# Nilpotent operator

In operator theory, a bounded operator *T* on a Hilbert space is said to be **nilpotent** if *T ^{n}* = 0 for some

*n*. It is said to be

**quasinilpotent**or

**topological nilpotent**if its spectrum

*σ*(

*T*) = {0}.

## Examples

In the finite-dimensional case, i.e. when *T* is a square matrix with complex entries, *σ*(*T*) = {0} if and only if
*T* is similar to a matrix whose only nonzero entries are on the superdiagonal, by the Jordan canonical form. In turn this is equivalent to *T ^{n}* = 0 for some

*n*. Therefore, for matrices, quasinilpotency coincides with nilpotency.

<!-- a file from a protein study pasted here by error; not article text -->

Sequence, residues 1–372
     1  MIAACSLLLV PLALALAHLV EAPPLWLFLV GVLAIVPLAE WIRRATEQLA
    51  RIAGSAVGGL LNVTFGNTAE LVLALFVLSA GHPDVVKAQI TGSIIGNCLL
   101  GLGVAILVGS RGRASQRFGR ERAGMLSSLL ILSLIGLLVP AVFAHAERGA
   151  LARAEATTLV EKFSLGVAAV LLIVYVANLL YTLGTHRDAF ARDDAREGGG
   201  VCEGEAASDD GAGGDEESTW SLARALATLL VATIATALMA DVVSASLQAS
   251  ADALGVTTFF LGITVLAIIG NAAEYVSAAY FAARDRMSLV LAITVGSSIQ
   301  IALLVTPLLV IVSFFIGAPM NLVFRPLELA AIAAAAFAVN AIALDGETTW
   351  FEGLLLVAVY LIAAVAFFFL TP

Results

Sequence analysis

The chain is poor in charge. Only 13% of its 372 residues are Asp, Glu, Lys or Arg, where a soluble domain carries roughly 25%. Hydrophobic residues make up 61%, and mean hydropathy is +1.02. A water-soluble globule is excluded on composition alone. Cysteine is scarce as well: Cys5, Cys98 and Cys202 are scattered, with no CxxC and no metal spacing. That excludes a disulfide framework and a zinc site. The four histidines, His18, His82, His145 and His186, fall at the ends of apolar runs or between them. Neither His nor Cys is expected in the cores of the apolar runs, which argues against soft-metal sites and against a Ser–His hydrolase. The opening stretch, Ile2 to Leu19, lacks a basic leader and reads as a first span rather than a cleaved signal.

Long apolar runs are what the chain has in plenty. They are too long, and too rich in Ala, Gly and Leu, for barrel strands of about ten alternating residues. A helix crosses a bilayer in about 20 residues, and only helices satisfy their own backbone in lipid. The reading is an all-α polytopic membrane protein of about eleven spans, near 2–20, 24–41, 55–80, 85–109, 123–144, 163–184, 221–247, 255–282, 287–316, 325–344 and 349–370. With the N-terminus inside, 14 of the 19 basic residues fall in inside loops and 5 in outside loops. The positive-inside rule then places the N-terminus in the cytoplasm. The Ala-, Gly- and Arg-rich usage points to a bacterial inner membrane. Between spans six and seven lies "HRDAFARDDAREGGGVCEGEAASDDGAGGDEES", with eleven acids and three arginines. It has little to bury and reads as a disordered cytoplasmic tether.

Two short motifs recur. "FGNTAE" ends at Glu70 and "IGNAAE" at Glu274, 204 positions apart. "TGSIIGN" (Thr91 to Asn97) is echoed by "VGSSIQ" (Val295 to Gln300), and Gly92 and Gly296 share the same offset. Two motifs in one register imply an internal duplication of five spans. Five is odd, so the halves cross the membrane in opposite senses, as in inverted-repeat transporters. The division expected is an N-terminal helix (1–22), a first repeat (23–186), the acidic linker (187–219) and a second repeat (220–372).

This is not true when *H* is infinite-dimensional. Consider the Volterra operator, defined as follows: consider the unit square *X* = [0,1] × [0,1] ⊂ **R**^{2}, with the Lebesgue measure *m*. On *X*, define the (kernel) function *K* by

The Volterra operator is the corresponding integral operator *T* on the Hilbert space *L*^{2}(*X*, *m*) given by

The operator *T* is not nilpotent: take *f* to be the function that is 1 everywhere and direct calculation shows that
*T ^{n} f* ≠ 0 (in the sense of

*L*

^{2}) for all

*n*. However,

*T*is quasinilpotent. First notice that

*K*is in

*L*

^{2}(

*X*,

*m*), therefore

*T*is compact. By the spectral properties of compact operators, any nonzero

*λ*in

*σ*(

*T*) is an eigenvalue. But it can be shown that

*T*has no nonzero eigenvalues, therefore

*T*is quasinilpotent.